Image_3_The Transfer of the Ferredoxin Gene From the Chloroplast to the Nuclear Genome Is Ancient Within the Paraphyletic Genus Thalassiosira.pdf (363.21 kB)

Image_3_The Transfer of the Ferredoxin Gene From the Chloroplast to the Nuclear Genome Is Ancient Within the Paraphyletic Genus Thalassiosira.pdf

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posted on 02.10.2020 by Alexandra-Sophie Roy, Christian Woehle, Julie LaRoche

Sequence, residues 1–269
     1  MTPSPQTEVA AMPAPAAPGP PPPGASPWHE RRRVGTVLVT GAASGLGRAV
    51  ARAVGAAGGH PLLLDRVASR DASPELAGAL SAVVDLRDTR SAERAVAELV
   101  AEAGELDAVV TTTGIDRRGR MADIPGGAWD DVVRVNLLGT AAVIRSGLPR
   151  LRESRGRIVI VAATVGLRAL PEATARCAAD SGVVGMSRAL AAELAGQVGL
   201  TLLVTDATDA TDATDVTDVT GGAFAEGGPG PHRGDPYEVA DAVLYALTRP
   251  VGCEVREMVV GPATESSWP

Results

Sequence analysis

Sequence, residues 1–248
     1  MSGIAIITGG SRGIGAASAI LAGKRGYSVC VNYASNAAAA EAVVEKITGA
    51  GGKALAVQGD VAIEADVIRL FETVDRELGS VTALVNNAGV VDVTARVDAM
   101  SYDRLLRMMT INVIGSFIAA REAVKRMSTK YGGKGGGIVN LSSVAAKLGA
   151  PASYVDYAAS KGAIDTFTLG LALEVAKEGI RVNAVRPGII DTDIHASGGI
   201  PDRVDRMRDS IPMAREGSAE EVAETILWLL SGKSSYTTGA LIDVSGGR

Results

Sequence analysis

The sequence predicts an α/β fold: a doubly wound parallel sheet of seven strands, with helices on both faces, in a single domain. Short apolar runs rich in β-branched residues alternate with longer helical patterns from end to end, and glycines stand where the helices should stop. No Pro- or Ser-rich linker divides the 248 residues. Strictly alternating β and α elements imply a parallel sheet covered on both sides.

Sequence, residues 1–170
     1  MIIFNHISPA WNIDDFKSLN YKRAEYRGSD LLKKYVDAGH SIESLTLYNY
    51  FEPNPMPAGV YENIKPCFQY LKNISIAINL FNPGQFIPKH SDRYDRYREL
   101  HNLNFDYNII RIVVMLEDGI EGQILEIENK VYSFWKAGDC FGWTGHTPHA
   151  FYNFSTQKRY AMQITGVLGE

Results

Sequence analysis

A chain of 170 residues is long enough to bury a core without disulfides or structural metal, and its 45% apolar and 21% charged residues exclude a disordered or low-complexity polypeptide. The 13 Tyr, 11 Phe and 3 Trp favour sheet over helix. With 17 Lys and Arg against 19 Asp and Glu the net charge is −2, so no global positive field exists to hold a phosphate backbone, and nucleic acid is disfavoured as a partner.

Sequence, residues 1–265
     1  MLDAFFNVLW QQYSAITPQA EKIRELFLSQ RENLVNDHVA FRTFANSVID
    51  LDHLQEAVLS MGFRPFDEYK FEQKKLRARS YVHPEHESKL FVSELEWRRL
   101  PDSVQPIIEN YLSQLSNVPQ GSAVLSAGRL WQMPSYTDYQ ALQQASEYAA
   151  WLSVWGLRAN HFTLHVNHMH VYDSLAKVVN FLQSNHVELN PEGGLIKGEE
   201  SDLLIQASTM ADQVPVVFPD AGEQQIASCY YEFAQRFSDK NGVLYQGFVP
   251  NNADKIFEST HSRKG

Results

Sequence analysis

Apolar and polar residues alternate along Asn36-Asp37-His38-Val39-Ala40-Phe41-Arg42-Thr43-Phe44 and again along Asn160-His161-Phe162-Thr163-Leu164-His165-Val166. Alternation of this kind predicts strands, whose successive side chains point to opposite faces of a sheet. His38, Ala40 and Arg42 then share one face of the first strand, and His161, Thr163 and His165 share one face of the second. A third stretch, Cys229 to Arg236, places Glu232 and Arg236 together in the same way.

Ferredoxins are iron–sulfur proteins essential for a wide range of organisms because they are an electron transfer mediator involved in multiple metabolic pathways. In phytoplankton, these proteins are active in the mature chloroplasts, but the petF gene, encoding for ferredoxin, has been found either to be in the chloroplast genome or transferred to the nuclear genome as observed in the green algae and higher plant lineage. We experimentally determined the location of the petF gene in 12 strains of Thalassiosira covering three species using DNA sequencing and qPCR assays. The results showed that petF gene is located in the nuclear genome of all confirmed Thalassiosira oceanica strains (CCMP0999, 1001, 1005, and 1006) tested. In contrast, all Thalassiosira pseudonana (CCMP1012, 1013, 1014, and 1335) and Thalassiosira weissflogii (CCMP1010, 1049, and 1052) strains studied retained the gene in the chloroplast genome, as generally observed for Bacillariophyceae. Our evolutionary analyses further extend the dataset on the localization of the petF gene in the Thalassiosirales. The realization that the petF gene is nuclear-encoded in the Skeletonema genus allowed us to trace the petF gene transfer back to a single event that occurred within the paraphyletic genus Thalassiosira. Phylogenetic analyses revealed the need to reassess the taxonomic assignment of the Thalassiosira strain CCMP1616, since the genes used in our study did not cluster within the T. oceanica lineage. Our results suggest that this strains’ diversification occurred prior to the ferredoxin gene transfer event. The functional transfer of petF genes provides insight into the evolutionary processes leading to chloroplast genome reduction and suggests ecological adaptation as a driving force for such chloroplast to nuclear gene transfer.

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